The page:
In Socko v. Mid-Atlantic Systems of CPA, Inc., 2014 WL 1898584 (Pa. Super. Ct. 2014), a case of first impression, the Pennsylvania Superior Court ruled that simply reciting, in a non-competition agreement with a current employee, that the parties intend to be legally bound will not supply the consideration needed to bind the employee. Instead, the employer must provide a current employee (as distinguished from a new hire) with an actual benefit or a change in job status to supply the required consideration.

Mid-Atlantic hired the plaintiff in 2007, at which time he signed a covenant not to compete that applied for the next two years. Later, the plaintiff resigned and was rehired and again signed another covenant not to compete that ran for two years. At the end of 2010, after his non-compete agreement had expired and while still employed for Mid-Atlantic as an at-will employee, the plaintiff signed a third covenant not to compete that ran for two years.

In January 2012, the plaintiff resigned to take a position with a competitor. Shortly thereafter, Mid-Atlantic sent a letter to the plaintiff’s new employer, including the most recent non-competition agreement the plaintiff had signed and threatening litigation. Ten days later, the new employer fired the plaintiff.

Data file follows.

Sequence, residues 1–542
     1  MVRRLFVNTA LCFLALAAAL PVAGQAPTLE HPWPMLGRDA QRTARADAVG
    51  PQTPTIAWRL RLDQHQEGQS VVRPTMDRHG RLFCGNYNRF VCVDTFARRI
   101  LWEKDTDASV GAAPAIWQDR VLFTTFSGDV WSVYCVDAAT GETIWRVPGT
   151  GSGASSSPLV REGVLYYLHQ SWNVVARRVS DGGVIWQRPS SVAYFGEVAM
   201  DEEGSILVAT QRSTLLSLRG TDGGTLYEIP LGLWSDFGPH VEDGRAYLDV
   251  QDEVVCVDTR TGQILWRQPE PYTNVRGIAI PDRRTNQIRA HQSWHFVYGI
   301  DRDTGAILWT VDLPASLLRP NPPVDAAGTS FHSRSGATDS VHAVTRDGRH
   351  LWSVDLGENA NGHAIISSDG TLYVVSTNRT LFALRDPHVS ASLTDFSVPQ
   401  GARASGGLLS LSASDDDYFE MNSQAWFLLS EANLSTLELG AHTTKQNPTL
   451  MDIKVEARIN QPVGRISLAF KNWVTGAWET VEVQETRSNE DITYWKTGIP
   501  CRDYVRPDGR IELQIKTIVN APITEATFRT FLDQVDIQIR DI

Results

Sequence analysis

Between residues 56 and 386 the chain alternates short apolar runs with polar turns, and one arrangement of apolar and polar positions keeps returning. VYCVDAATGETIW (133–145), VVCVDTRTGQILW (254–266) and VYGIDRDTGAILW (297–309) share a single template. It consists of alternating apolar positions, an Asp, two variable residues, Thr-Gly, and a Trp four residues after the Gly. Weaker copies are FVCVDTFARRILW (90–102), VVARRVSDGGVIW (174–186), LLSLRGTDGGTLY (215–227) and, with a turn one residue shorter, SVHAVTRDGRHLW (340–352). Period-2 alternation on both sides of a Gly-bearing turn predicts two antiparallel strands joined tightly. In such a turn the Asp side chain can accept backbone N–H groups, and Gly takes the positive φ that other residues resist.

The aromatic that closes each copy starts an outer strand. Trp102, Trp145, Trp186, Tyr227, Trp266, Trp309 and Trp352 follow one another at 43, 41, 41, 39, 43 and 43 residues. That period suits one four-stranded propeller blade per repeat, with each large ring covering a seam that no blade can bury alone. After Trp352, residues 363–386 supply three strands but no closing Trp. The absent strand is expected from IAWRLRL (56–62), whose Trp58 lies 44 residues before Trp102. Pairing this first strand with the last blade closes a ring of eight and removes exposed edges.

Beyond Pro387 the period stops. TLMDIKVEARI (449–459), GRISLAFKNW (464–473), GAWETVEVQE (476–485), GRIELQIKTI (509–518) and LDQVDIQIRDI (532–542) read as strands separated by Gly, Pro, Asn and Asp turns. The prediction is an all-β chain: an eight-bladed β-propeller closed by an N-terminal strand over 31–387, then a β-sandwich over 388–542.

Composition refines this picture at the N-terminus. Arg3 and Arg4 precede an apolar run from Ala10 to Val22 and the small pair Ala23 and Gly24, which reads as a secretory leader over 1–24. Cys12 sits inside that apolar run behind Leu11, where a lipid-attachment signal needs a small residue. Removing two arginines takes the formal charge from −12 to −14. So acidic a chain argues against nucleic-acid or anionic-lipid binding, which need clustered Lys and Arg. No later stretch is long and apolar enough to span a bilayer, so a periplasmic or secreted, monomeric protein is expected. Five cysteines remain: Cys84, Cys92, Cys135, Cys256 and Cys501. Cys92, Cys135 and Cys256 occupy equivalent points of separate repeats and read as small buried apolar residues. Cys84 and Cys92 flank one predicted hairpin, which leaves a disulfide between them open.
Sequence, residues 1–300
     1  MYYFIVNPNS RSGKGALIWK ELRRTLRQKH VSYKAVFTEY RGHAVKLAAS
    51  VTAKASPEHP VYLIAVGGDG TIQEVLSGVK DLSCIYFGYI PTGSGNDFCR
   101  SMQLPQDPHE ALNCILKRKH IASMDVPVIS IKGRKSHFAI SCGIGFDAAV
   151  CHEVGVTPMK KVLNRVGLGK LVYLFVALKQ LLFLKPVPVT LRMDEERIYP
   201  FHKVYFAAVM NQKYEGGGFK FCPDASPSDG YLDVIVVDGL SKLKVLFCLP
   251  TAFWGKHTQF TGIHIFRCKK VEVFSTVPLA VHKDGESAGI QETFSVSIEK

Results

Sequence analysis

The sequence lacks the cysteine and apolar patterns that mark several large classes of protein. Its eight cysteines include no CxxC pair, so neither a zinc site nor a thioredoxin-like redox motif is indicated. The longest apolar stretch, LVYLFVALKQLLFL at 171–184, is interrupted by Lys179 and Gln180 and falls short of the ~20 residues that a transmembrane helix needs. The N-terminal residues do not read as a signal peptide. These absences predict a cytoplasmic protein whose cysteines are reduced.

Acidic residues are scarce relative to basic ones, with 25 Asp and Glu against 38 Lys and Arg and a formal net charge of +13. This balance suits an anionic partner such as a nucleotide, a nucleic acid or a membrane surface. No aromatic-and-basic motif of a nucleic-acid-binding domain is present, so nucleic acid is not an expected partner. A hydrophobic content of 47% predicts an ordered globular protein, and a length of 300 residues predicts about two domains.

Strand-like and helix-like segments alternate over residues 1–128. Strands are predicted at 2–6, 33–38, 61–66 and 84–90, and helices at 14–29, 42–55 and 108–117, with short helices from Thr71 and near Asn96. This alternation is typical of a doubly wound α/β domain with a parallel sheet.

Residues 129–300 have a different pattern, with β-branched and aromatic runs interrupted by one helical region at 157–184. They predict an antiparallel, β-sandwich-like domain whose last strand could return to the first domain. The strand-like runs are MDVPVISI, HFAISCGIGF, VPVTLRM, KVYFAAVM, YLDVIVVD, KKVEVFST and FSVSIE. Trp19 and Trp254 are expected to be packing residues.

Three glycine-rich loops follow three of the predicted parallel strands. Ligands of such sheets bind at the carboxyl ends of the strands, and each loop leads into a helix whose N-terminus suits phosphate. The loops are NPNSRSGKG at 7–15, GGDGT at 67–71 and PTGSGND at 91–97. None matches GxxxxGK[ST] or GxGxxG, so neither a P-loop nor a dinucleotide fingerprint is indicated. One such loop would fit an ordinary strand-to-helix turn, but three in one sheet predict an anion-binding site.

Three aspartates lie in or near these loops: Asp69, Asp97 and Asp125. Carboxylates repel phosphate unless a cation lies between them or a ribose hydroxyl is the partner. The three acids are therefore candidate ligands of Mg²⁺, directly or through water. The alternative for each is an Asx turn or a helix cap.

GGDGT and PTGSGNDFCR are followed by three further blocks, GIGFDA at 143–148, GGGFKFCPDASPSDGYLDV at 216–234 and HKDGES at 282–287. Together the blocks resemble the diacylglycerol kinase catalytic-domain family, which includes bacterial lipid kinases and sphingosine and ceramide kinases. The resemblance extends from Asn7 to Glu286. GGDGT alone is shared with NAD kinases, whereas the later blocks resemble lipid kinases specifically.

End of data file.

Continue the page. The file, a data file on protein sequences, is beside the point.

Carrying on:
The plaintiff sued Mid-Atlantic, seeking a declaration that the non-competition agreement was unenforceable because it was not supported by sufficient consideration. The trial court agreed, and Mid-Atlantic appealed.

The Superior Court affirmed the lower court’s decision. The court expressly rejected the argument (which had been adopted by several federal district courts) that based on the Pennsylvania Uniform Written Obligations Act, 33 P.S. § 6, simply reciting the phrase “intending to be legally bound” supplied the necessary consideration. Although the statute provides that a “written release or promise, hereafter made and signed by the person releasing or promising, shall not be invalid or unenforceable for lack of consideration, if the writing also contains an additional express statement, in any form of language, that the signer intends to be legally bound,” the court determined that because non-competition agreements are disfavored, only true, valuable consideration will support their enforcement.

The court explained that, “for a restrictive covenant to be enforceable, the employee must receive actual valuable consideration in exchange for signing an employment agreement containing one. When the restrictive covenant is contained in the initial contract of employment, the consideration is the job itself. But when the restrictive covenant is added to an existing employment relationship, however, to restrict himself the employee must receive a corresponding benefit or change in job status.”

For Pennsylvania employers, this holding means that they can no longer require an existing employee to sign a non-competition agreement without providing that employee valuable consideration, such as a boost in compensation or benefits, a positive change in job status or a promise of a fixed term of employment; simply including the language as set forth in the Uniform Written Obligations Act is no longer sufficient.

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